Boston Scientific Corp. is preparing to unveil study results this fall from a long-running program to create a new biodegradable plastic stent, and the findings may well be positive.

The company is going to drop the idea for bioplastic stents anyway.

Discouraging trial results from competitor Abbott Laboratories’ bioplastic stents have persuaded Boston Scientific to halt its investment for the foreseeable future in its own long-running program, run from Minnesota, to design a coronary stent that completely biodegrades into the blood vessel wall, a company executive said in an interview Friday.

Biodegradable plastic stents “do show promise. We’ve just decided strategically that there are bigger problems to deal with, and more socially impactful problems, like stroke, like heart failure, that need our attention,” said Dr. Ian Meredith, global chief medical officer for Boston Scientific. “And it is better to invest in those things that will have bigger impacts than to try and overcome the technical challenges [of bioplastic stents] in the short term.”

A stent is a medical device about the size and shape of the spring inside a retractable ink pen. In coronary procedures, stents are inserted into clogged blood vessels on the heart, typically after a heart attack caused by a partial or total blockage in the artery.

Traditional stents are made of metal, but Chicago-based Abbott Laboratories, which acquired Minnesota device maker St. Jude Medical in January, is the only company that has approval to sell a completely “bioresorbable” stent in the U.S. The device is called the Absorb GT1 BVS, and it is made of a biodegradable plastic similar to dissolvable sutures.

Such stents were expected to generate billions of dollars in worldwide sales by 2021. The Absorb BVS’ safety and effectiveness were initially proven in clinical trials involving more than 30,000 patients around the world. Since then, it has become clear that the device is associated with statistically significant safety problems within two years of implantation that may undermine the long-term benefits from having a device that completely dissolves over time.

“The current findings ... provide evidence beyond any reasonable doubt that Absorb BVS is inferior to new-generation [metal stents made by Abbott] on both efficacy and safety throughout two years,” according to an article published Friday in the medical journal the Lancet along with an Abbott-funded meta-analysis of older data. “It cannot be anticipated that the potential long-term benefits of the current version of Absorb BVS will offset the excess in adverse events reported during the first 2 years.”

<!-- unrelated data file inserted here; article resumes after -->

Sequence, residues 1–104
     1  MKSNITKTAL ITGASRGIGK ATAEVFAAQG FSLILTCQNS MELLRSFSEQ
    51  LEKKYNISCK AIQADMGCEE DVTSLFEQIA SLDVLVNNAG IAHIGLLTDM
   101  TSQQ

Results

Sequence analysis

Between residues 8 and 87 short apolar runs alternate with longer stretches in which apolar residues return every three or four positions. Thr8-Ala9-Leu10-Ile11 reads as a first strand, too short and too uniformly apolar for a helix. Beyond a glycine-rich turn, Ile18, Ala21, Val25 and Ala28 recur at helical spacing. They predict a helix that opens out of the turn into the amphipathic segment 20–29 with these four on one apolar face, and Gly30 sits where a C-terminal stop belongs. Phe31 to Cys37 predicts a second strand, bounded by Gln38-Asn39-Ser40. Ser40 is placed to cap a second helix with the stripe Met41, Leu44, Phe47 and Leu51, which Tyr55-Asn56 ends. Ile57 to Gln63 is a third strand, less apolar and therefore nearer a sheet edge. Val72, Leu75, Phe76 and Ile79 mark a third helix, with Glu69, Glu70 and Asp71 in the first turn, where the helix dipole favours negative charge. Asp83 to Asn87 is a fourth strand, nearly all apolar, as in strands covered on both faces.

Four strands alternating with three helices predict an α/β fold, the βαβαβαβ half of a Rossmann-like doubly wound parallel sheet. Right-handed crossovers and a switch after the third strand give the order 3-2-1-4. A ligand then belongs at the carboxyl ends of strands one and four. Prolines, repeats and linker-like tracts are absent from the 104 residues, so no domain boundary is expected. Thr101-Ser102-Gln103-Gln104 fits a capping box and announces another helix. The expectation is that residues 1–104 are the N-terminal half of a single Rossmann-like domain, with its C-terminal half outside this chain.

Although mortality rates were similar between Absorb and metal-stent patients, the analysis found that after two years Absorb patients had statistically significant higher rates of the blood vessel becoming reclogged after the procedure and subsequent heart attacks compared to patients who got Abbott’s latest drug-eluting metal Xience stent.

Last March, the Food and Drug Administration issued a safety alert for the Absorb stent highlighting an increased rate of major adverse cardiac events among Absorb patients, and cautioning doctors to avoid using the device in smaller blood vessels.

“Absorb has become a very much in niche product, that’s for sure,” Abbott Chief Executive Miles White said in a quarterly earnings call with stock analysts this month. “I would have wished for it to be a lot bigger than that. But Xience remains a best-in-class stent. That’s still true.”

Boston Scientific has watched Abbott’s Absorb program closely while pursuing its own bioplastic stent, called the Renuvia, which has been implanted in 33 patients in Australia, New Zealand and Latvia as part of an early feasibility study. Boston Scientific’s Meredith implanted many of those patients himself as principle investigator for the Renuvia study, before he was hired on as a company executive.

Boston Scientific is scheduled to release six-month results from its Renuvia study at the Transcatheter Cardiovascular Therapeutics annual meeting this fall. Although the results of Boston’s bioplastic stent program “look really good” so far, Meredith said, all of those initial patients had relatively uncomplicated medical histories.

“You have to ask the question, do we actually put the effort into studying this in much more complex patients, many of whom are at higher risk of events anyway, against a background of literature from all over the world showing consistently that this strategy is associated with worse outcomes?” Meredith said. “We think it doesn’t make sense to do this, and ... we should put our energies into treating bigger problems affecting the human race in the 21st century.”